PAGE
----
No Illusions

“We’re basically marketing to an eight-year-old”

We want horror and action films. No comedy, no drama. They’re too boring.
No cross genre stuff. Only the big boys get away with pushing those boundaries a little.

“You have to conform”

Your film must fit into a familiar category.
Get “a-list” or even “b-list” actors involved in your film – at least supporting it.

Why do it, if not for money? … “That’s the point”

“Yes, you have to give up your rights.”
It’s not your baby. You can’t see it that way. You’re just “making things” for us to sell.

“Filmmaking is just like making bread”.

Why bother making bread, if not certain someone will sell it or buy it?
You should consult industry/distribution outlets first about what you should make.

Wow. Right there, in the open –

the war and ethical chasms between art and business made crystal clear.

The cocky confessions and bad analogies of guest distributors and industry businessmen were the most unsettling part of my festival journey. Their aim seemed to insult, if not defeat, the whole point.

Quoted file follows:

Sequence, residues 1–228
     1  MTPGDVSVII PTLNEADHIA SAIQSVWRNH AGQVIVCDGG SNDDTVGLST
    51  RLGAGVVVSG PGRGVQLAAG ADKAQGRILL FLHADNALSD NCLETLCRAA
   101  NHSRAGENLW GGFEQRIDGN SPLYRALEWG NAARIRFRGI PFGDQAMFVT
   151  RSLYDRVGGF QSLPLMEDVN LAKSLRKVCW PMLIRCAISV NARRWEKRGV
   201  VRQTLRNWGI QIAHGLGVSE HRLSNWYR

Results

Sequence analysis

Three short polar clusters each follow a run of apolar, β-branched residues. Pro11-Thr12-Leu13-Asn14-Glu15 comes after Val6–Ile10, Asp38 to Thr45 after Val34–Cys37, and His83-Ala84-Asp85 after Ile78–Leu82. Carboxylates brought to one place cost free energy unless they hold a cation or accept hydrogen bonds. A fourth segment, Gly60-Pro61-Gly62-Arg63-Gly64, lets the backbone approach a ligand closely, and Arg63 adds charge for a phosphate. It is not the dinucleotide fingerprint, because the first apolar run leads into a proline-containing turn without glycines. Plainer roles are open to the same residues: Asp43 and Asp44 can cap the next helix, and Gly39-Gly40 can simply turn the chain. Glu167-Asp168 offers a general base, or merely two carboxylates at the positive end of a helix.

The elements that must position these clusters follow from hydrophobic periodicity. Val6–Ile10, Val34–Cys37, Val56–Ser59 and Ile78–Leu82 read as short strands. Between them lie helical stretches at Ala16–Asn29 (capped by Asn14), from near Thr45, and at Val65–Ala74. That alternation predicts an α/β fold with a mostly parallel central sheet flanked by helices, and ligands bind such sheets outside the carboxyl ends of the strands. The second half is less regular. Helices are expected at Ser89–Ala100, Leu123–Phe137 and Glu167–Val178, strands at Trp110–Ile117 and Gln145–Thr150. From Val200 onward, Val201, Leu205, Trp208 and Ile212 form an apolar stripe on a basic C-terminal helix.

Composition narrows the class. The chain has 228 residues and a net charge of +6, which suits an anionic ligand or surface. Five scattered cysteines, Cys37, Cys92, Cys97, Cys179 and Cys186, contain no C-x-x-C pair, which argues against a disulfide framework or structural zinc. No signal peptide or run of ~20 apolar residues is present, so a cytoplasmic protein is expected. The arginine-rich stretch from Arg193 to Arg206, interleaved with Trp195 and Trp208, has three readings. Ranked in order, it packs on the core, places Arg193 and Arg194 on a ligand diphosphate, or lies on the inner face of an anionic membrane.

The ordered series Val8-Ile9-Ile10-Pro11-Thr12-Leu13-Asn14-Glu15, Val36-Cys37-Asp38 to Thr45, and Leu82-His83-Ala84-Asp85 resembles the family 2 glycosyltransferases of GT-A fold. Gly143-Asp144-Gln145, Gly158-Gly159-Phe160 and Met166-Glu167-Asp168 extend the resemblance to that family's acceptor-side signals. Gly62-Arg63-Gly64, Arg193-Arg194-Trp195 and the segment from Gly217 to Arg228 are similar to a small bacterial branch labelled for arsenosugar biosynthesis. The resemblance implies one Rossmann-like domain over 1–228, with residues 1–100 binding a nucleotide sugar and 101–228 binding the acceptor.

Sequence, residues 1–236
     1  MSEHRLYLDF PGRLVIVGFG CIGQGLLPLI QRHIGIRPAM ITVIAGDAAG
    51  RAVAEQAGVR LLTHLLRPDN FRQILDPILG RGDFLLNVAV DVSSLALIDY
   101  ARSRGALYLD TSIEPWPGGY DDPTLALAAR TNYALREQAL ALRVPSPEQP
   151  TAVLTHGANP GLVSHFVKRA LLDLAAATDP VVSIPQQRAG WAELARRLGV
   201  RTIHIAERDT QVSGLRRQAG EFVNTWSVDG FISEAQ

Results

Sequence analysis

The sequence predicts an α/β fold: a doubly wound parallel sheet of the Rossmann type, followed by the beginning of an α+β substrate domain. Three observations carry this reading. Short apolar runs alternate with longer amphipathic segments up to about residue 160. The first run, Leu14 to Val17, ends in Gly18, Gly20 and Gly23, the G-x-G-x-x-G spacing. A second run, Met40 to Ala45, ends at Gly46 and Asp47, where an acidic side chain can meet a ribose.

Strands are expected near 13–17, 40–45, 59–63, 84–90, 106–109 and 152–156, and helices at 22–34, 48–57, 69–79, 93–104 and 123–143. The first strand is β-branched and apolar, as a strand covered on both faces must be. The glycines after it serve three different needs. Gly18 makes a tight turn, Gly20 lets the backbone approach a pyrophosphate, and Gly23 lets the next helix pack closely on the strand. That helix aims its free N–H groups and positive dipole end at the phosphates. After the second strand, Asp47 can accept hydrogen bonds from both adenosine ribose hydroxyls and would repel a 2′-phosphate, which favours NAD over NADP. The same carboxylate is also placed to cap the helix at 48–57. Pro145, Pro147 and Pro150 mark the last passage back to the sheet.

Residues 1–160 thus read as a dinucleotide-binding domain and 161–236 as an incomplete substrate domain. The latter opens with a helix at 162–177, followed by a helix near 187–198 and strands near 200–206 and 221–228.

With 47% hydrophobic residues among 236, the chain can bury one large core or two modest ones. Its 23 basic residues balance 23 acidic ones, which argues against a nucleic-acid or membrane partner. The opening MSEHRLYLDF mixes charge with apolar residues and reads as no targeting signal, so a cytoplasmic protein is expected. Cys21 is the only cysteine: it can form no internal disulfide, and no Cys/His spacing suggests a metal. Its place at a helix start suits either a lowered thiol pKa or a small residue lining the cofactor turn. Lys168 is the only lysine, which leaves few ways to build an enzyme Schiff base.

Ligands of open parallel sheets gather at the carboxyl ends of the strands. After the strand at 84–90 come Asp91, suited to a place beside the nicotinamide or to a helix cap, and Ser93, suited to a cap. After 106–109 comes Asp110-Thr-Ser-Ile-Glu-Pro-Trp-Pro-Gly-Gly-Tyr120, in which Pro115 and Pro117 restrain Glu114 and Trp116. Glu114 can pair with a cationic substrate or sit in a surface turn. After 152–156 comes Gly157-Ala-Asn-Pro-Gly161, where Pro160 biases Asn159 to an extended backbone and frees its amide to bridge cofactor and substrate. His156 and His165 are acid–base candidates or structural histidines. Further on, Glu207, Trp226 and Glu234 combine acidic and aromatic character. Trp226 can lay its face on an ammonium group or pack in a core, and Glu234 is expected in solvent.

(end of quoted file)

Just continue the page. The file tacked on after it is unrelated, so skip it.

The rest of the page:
But looking back, these notes, quoted and paraphrased above, do effectively illuminate the prevailing agendas and attitudes of those essentially controlling speech and reach – your access to their “free” market.

Clear, hopeless admissions and advice to the artist notwithstanding, I needed more evidence. I chose to explore the territory for myself to confirm that my chances of reasonable exposure and participation in the film market were already slim to none.

I enlisted the help of an agent, familiar with the spectrum of film distributors out there,
from long-shot to legally borderline.

We started with the giants.
Amazon Originals replied that my cross-genre dance-u-mentary wasn’t “for Originals”. The likes of HBO and Hulu responded bluntly, “too small”. I asked my agent for clarification, to keep my 5’2 sensitivities at bay, and he said they were speaking of our cast profile and budget – both “too small”. We both sighed. 

Someday, I guess we’ll learn how inventive and industry-independent artists from the middle-class, with credible expertise and the support/validation of other collaborating professionals, build big enough profiles and generate big enough budgets, without big enough opportunity – without a visible, viable, and competitive place in the market.

My agent said it more succinctly. Maybe someday, they’ll “see the light”.

That dream aside, it was time to move on to a second tier of “distributors”.